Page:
10. Brian Dennehy – Driveways
Brian Dennehy is an actor who needs no introduction. The Tony award winning actor made a name for himself on the big screen, small screen, and stage. He left an indelible mark on the industry, and his work will be commended for years to come. His untimely passing in April of 2020 rocked the globe, but thankfully, Dennehy left behind one hell of a final performance.
After making its way through the festival circuit, Driveways was eventually released to glowing reviews. A majority of these reviews made a point to highlight Dennehy, who plays the eldery neighbor of a shy young boy named Cody. While Driveways could have easily given us a recycled version of Gran Torino, the cast and crew opt to give viewers a different experience.
Unlike so many films that use a similar trope, Driveways does its best to tell a more hopeful story. Dennehy’s character isn’t defined by the skeletons in his closet. Instead, Dennehy presents us with a gentle character who truly does want to provide friendship to the people around him. While movies like Sling Blade and Gran Torino offered glimmers of hope, Driveways feels far more focused on providing large quantities of hope.
A lot of that hope is genuinely derived from Dennehy. By breaking free of traditional archetypes, we get to see a character that feels positively one-of-a-kind. The soft-spoken and enigmatic mystery-man proves that actions speak louder than words. He also proves that the crotchety old man can have a heart of gold after all.
9. Haley Bennett – Swallow
If you were to make an assumption about Swallow based solely on the marketing behind it, you might assume it’s a gross-out body horror movie about a woman who can’t stop swallowing thumbtacks. To an extent, that’s true. There is a reasonable amount of body horror, and yes, there are a few swallowed thumbtacks, but that little summary grossly oversimplifies things.
More than anything, this is a psychological character study about a woman with a mental illness. That mental illness may tap into people’s greatest fears, but those elements of horror should not outshine the more human story at the center of things. Pica, the unsettling psychological disorder that plagues the protagonist, comes as a result of trauma. Director Carlo Mirabella-Davis knows this, and that’s why the main character is handled with care. She’s not a villain; she’s just a woman desperately searching for help.
This leads us to Haley Bennett, the woman in charge of bringing this fictional woman to life. You might know Bennett from her numerous supporting roles, but you’ve never seen her like like. This is a career-defining performance that will be painstakingly difficult to top in the future. Swallow frequently aims to make the viewer uncomfortable. Bennett’s muted performance allows that goal to be achieved.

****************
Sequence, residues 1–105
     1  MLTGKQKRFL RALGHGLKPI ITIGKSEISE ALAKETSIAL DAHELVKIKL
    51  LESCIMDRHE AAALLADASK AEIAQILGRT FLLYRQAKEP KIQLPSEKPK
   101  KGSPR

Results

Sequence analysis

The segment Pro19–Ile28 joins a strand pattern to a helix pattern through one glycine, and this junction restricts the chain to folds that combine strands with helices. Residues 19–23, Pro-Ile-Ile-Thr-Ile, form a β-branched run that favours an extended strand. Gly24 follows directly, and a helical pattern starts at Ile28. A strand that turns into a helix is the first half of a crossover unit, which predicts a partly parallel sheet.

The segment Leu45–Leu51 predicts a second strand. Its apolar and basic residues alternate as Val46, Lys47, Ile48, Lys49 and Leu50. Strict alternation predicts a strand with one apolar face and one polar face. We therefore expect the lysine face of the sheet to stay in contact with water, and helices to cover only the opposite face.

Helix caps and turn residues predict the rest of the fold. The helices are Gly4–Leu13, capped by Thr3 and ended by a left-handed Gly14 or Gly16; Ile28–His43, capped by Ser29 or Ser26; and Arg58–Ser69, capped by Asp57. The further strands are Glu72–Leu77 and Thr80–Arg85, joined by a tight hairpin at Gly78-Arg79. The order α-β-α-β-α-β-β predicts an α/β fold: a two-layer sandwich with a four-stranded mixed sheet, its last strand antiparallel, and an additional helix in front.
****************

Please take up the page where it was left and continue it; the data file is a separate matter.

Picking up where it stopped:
She also clearly understands the psychological baggage carried by the protagonist. She’s liable to make people uneasy, but she doesn’t want you to hate the main character. By the end of the film, it’s easy to sympathize with this nearly broken woman. This wouldn’t have been possible without a worthy lead performance.
8. Viola Davis – Ma Rainey’s Black Bottom
Ma Rainey’s Black Bottom does not hide the fact that it’s an ensemble movie featuring two supremely talented individuals. The supporting cast is noteworthy as is, but when you throw in Viola Davis and Chadwick Boseman, you get something that’s far more special than you might initially believe. Even though hype was through the roof prior to release, this was never a guaranteed success. Fortunately, everything clicks and the final result is superb.
Everything wouldn’t have clicked quite as well without Viola Davis. Her take on Ma Rainey is aggressive, overzealous, and positively electric. Playing the title character couldn’t have been easy, but Davis brings so much talent to the table. The Oscar-winning actress disappears into the role so well that it’s often hard to believe this is a person playing a character. She brings unrelenting energy to her performance, and she does so while gripping the audience with unshakable intensity.
Three Oscar nominations clearly wasn’t enough. Expect Davis to put up a fierce fight throughout this awards season. Regardless of the tough competition, one thing is clear: Davis deserves to be part of the conversation. You are liable to hear a lot of well-deserved hype in the coming months.
7. Delroy Lindo – Da 5 Bloods
Frequent Spike Lee collaborator Delroy Lindo has never really gotten the attention he deserves. Performances in Malcolm X and Get Shorty received plenty of praise, but it always feels like Lindo’s presence in any feature deserves more excitement. Perhaps this has to do with his status as a frequent supporting actor. Viewers rarely get enough time to see him strut his stuff, even if presence is usually more than welcome.